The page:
I know of nine American biologists who worked in the Soviet Union during the 1930s (H. J. Muller, Calvin Bridges, Percy Dawson, Daniel Raffel, Carlos Offerman, Sidney Halperin, Mark Graubard, Horseley Gannt, and Bronson Price); I believe all but Dawson were geneticists. Perhaps their having actually lived in the Soviet Union accounts for the considerably more critical attitude of American scientific socialists toward Stalinism in general, and toward Lysenkoism in particular.Google Scholar
  13. 13.
    David, Joravsky, The Lysenko Affair (Cambridge, Mass.: Harvard University Press, 1970); Zhores A. Medvedev, The Rise and Fall of T. D. Lysenko (New York: Columbia University Press, 1969). For a shorter history see the chapter “Genetics” in Loren R. Graham, Science and Philosophy in the Soviet Union (New York: Alfred A, Knopf, 1972).Google Scholar
  14. 14.
    My summary of events within the Soviet Union largely follows the accoun of Joravsky.Google Scholar
  15. 15.
    Joravsky, The Lysenko Affair, p. 116.Google Scholar
  16. 16.
    Figures for science expenditure as a percentage of the GNP in the United States, Britain, and the Soviet Union may be found in Rose and Rose, “The Two Bernals.”Google Scholar
  17. 17.
    Bernal, The Social Function of Science, p. 277.Google Scholar
  18. 18.
    Ibid., pp. 227–228. He also asserted that “the very essence of science is the spirit of free inquiry” (p. 470) and that “at all costs science must be prevented from becoming a hierarchic orthodoxy; it must be able and willing to defend its theses against all comers, and it should not exclude but encourage critics of all kinds however unbalanced or irrational they may appear to be” (p. 278). The 1947 statement of the Association of Scientific Workers, whose president was P. M. S. Blackett, drew heavily on The Social Function of Science: “It has never been part of the policy of the Association either to restrict the freedom of the individual scientist in any way or to suggest any limitation to the development of fundamental science either absolutely or relatively to that of applied science” (from the statement “Freedom and Organization in Science,” 1947). Michael Polanyi perceptively noted at the time that Bernal was “trying to win the support also of non-socialists, mainly by emphasizing that no restriction of the freedom of science is intended.” Michael Polanyi, “Rights and Duties of Science,” Manchester School of Economic and Social Studies (October 1939), 175–193; quotation on p. 175.Google Scholar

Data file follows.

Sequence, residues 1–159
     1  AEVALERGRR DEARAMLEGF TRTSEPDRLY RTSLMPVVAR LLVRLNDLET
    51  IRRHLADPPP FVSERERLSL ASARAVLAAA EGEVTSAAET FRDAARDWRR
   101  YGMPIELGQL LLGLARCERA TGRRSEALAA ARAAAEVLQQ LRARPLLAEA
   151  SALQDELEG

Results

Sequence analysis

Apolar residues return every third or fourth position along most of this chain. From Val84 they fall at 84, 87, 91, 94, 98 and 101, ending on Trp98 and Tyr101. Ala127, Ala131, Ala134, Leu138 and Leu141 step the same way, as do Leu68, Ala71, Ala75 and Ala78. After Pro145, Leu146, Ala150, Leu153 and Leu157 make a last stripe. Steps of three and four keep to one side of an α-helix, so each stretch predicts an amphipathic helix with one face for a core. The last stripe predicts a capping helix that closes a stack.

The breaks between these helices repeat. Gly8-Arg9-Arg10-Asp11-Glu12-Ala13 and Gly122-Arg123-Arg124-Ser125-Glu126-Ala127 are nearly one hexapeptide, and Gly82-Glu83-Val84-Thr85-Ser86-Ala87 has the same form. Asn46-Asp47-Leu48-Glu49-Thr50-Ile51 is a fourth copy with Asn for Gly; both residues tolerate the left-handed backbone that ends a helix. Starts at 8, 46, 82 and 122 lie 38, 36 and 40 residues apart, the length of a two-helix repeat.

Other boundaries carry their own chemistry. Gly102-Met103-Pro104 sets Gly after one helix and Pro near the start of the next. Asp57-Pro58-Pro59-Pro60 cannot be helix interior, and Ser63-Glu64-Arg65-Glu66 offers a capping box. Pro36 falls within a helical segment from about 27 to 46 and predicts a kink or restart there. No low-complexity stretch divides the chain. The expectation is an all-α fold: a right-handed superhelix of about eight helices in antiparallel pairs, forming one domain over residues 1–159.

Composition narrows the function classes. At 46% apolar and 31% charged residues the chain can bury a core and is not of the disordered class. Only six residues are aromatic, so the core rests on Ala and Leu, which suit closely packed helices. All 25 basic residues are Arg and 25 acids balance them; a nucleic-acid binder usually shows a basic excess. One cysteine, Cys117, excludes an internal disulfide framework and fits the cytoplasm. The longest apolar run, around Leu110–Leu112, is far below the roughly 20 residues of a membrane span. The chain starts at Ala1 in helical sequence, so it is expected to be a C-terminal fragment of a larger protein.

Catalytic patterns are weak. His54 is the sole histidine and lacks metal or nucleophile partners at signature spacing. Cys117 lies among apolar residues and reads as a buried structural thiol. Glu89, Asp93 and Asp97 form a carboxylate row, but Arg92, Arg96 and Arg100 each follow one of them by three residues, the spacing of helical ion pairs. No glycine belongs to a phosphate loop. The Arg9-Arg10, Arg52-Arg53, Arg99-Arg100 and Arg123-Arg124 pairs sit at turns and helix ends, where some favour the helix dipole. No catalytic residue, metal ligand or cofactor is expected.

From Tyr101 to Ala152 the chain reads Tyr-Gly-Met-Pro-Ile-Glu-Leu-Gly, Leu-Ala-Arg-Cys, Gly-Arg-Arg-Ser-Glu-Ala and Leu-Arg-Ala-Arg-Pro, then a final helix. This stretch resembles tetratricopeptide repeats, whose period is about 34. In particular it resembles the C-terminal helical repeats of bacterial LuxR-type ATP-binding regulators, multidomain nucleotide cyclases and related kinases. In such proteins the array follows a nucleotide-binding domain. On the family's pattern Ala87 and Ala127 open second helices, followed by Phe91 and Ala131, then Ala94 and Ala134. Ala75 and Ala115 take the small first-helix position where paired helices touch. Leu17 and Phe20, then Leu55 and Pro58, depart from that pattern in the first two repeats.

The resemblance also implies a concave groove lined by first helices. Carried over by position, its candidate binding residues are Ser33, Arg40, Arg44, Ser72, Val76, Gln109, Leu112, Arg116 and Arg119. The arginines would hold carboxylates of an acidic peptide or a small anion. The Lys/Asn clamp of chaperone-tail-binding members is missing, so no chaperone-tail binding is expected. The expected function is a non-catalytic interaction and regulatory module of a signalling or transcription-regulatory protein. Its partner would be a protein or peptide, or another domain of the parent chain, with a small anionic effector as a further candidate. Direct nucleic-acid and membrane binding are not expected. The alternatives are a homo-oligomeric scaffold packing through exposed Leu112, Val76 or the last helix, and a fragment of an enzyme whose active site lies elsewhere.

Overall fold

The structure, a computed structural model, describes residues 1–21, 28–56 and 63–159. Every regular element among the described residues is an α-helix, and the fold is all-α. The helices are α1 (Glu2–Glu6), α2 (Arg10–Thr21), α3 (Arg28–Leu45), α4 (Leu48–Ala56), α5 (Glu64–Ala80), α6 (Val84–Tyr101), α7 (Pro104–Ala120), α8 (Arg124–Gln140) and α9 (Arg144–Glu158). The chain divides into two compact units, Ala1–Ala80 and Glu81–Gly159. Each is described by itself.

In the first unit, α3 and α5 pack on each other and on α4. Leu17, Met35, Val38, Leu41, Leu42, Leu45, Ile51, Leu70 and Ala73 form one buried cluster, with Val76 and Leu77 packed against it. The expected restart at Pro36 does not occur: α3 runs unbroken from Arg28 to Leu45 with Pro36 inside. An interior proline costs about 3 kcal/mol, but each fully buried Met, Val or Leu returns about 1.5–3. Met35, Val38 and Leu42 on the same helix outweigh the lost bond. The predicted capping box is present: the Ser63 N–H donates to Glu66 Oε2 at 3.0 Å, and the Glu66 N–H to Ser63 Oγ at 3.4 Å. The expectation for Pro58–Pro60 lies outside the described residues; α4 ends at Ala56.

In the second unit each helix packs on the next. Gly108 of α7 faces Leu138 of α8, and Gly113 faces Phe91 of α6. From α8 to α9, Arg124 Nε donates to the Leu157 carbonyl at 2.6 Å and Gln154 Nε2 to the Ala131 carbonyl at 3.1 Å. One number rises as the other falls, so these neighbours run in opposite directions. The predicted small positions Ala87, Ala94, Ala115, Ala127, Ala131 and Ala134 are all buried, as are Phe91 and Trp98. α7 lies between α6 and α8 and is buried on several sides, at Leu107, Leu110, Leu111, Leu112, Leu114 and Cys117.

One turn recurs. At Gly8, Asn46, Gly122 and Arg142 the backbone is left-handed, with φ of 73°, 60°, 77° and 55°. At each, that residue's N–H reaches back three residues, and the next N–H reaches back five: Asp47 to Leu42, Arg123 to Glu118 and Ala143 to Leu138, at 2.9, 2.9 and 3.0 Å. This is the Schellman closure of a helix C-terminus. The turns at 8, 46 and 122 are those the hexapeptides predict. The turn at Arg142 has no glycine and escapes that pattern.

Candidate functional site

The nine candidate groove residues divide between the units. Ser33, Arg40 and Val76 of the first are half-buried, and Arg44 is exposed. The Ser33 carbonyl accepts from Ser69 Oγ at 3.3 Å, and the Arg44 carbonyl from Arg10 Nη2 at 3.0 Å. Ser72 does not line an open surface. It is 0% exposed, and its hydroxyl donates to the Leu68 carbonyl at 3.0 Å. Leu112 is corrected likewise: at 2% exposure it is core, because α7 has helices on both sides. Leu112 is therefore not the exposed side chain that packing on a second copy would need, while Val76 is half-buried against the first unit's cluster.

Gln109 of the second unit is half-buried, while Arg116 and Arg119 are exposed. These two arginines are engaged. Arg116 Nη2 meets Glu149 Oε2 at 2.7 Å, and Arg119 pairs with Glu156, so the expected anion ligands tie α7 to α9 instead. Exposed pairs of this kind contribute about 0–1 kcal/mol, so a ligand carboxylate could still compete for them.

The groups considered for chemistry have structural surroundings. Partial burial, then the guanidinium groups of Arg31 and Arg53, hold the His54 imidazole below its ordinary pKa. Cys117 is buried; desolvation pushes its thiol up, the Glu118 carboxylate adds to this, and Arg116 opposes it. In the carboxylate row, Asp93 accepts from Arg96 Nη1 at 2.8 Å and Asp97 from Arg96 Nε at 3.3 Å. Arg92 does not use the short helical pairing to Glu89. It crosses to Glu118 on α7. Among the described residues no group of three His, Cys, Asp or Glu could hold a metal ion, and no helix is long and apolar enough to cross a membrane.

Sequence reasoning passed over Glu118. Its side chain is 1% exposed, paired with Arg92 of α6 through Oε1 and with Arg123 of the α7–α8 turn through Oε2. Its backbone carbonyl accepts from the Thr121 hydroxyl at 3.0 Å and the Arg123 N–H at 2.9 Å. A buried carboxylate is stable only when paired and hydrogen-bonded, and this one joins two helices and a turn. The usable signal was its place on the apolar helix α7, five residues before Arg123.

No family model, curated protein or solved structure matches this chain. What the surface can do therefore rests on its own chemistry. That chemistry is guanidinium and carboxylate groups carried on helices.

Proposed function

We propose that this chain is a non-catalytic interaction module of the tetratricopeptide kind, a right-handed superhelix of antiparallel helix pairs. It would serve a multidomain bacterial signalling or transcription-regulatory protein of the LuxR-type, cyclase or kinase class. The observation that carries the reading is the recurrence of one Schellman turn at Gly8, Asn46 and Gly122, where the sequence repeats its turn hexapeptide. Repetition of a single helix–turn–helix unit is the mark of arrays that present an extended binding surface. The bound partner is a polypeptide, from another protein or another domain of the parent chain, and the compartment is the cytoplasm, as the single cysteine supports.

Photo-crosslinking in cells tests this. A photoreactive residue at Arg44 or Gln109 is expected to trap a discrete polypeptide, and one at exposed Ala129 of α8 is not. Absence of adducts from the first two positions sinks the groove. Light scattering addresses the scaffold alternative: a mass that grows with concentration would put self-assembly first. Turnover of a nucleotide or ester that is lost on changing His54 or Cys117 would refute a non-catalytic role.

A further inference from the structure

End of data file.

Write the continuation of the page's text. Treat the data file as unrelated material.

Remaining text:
19. 19.
    J. B. S., Haldane, “A Note on Genetics in the U.S.S.R.,” Mod. Quart., 1 (1938), 393–394; quotation on p. 394.Google Scholar
  20. 20.
    For example, in “Genetics in the U.S.S.R.,” Mod. Quart., 1 (1938), 370–371 (signed “Helix” and “Helianthus”); “Biological Research in the Soviet Union,” in Science in Soviet Russia, ed. Joseph Needham and Jane Sykes Davis (London: Watts, 1942), pp. 24–28; and “Biological Science in the U.S.S.R.,” Nature, 148 (1941), 362–363. It should be noted, however, that Needham consistently expressed skepticism of Lysenko's scientific claims.Google Scholar
  21. 21.
    See Walter, Laqueur, The Terrible Secret: An Investigation into the Suppression of Information about Hitler's “Final Solution” (London: Weidenfeld and Nicolson, 1980).Google Scholar
  22. 22.
    For example, Eric, Ashby, Scientist in Russia (London: Penguin, 1947) and P. S. Hudson and R. H. Richens, The New Genetics in the Soviet Union (Cambridge: Imperial Bureau of Plant Breeding and Genetics, 1946).Google Scholar
  23. 23.
    Joravsky, The Lysenko Affair, pp. 110–111.Google Scholar
  24. 24.
    J. B. S., Haldane, contribution to “The Lysenko Controversy: four scientists give their points of view”, Listener, 30 (1948), 873–875; quotation on p. 875.Google Scholar
  25. 25.
    Theodosius, Dobzhansky, “N. I. Vavilov, A Martyr of Genetics, 1887–1942,” J. Hered., 38 (1947), 227–232; quotation on p. 232.Google Scholar